The little girl's voice on the line was not exactly what she expected—but the message delivered was just what Elizabeth Edwards had desired. As the wife of one of a handful of top contenders to be Democrat John Kerry's vice presidential running mate, Elizabeth was waiting anxiously by her phone in Raleigh, N.C., early on the morning of July 6 for her husband to call. When he did, however, John turned over the phone to the couple's 6-year-old daughter Emma Claire, who blurted out the words, "Senator Kerry picked Daddy!" And no sooner had Emma spilled the beans than her little brother Jack grabbed the receiver to make an important announcement of his own: "Mommy, I learned to swim above the water!"
Within a couple of hours, the news—John Edwards's news, that is—was official. Capping a top-secret, four-month search, Democratic presidential candidate John Kerry announced he had chosen Edwards, 51, a senator from North Carolina—and former rival for the Democratic nomination—to join his quest for the White House. "That's what we need—someone who can swim above the water," joked Kerry's wife, Teresa, as the two couples prepared for an intimate get-to-know-you dinner later that night at her farm outside Pittsburgh. Added Edwards with a laugh: "This is an absolutely great day."
In the world beyond, the political jousting had already begun. Striking within minutes of the announcement, Republican operatives tagged Edwards as an inexperienced lawmaker who could claim little in the way of success, or even action, during his single term as a senator in Washington. Democrats, for their part, praised Edwards's energy—he helped raise $2 million for the Kerry campaign before he was even tapped—and hope the son of a Carolina mill worker will add regional appeal to the ticket. "He brings grits," says political consultant Donna Brazile, who managed Al Gore's campaign in 2000. "Here's a guy who has a southern accent but can stop at every truck stop in the country and communicate with average workers."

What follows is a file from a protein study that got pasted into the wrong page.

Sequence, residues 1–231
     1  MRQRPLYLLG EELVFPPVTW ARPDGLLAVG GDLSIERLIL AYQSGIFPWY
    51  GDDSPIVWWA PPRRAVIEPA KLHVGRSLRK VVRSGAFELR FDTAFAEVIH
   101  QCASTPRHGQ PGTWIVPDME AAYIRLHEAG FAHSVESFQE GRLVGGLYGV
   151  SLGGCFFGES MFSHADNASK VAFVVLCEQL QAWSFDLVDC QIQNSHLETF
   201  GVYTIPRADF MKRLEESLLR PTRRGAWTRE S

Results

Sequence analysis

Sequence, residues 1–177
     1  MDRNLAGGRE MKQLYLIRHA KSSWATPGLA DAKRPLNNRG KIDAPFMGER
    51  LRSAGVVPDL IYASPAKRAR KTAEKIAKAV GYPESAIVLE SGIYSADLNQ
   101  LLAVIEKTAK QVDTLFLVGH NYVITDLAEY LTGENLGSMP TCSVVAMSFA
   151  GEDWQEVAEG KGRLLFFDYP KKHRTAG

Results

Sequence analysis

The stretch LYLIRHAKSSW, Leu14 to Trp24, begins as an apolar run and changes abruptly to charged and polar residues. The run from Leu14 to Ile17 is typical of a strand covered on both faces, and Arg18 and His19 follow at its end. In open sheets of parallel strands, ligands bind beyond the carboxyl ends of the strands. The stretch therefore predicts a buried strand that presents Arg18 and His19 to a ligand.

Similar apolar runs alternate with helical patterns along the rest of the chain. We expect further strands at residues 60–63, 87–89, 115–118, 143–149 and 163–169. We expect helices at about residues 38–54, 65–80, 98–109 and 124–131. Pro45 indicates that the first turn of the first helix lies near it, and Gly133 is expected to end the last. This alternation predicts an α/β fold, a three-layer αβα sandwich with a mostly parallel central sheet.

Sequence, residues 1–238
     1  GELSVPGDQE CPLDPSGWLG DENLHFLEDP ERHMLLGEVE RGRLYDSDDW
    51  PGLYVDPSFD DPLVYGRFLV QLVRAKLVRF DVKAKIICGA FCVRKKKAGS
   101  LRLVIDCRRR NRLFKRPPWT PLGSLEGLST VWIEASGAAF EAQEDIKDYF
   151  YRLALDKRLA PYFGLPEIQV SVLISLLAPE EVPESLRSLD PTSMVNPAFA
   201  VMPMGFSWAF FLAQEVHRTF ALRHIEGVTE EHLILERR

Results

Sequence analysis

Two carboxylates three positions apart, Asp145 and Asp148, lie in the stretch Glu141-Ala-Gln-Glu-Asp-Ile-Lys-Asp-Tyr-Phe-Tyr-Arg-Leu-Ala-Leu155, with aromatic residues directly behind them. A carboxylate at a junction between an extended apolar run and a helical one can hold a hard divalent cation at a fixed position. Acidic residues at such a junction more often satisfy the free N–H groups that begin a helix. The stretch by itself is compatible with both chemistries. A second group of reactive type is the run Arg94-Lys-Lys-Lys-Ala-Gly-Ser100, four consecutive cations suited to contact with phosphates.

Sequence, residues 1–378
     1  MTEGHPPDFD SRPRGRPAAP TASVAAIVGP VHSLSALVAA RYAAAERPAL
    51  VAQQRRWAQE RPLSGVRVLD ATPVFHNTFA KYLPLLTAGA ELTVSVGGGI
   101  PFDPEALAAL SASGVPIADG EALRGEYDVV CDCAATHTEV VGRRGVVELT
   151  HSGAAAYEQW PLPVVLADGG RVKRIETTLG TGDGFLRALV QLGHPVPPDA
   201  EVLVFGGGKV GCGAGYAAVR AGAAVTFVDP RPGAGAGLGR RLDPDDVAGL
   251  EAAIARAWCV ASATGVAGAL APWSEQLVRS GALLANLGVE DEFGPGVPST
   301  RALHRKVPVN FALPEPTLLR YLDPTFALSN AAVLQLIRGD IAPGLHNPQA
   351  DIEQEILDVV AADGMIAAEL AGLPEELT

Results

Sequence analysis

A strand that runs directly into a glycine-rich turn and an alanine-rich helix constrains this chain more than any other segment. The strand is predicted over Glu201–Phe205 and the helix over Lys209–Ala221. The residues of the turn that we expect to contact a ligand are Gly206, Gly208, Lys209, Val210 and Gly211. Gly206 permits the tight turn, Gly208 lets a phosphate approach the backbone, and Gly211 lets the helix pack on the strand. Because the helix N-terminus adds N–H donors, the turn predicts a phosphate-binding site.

Edwards, a multimillionaire trial lawyer before he went into politics, comes to the race toughened by personal tragedy. In 1996 his 16-year-old son Wade was killed in a car accident. In response to their loss, Elizabeth, also a lawyer, quit her job and, at 48, gave birth to Emma Claire and, later, Jack, now 4. After confronting that pain, friends say he is ready for anything. "What he brings is a real sense of what life is like for people outside of Washington," says Princeton, N.J., attorney Glenn Bergenfield. "He's genetically engineered to do this."
Bob Meadows. Jane Sims Podesta in Pittsburgh, Linda Trischitta in Miami and Makeba Scott Hunter in Washington, D.C.
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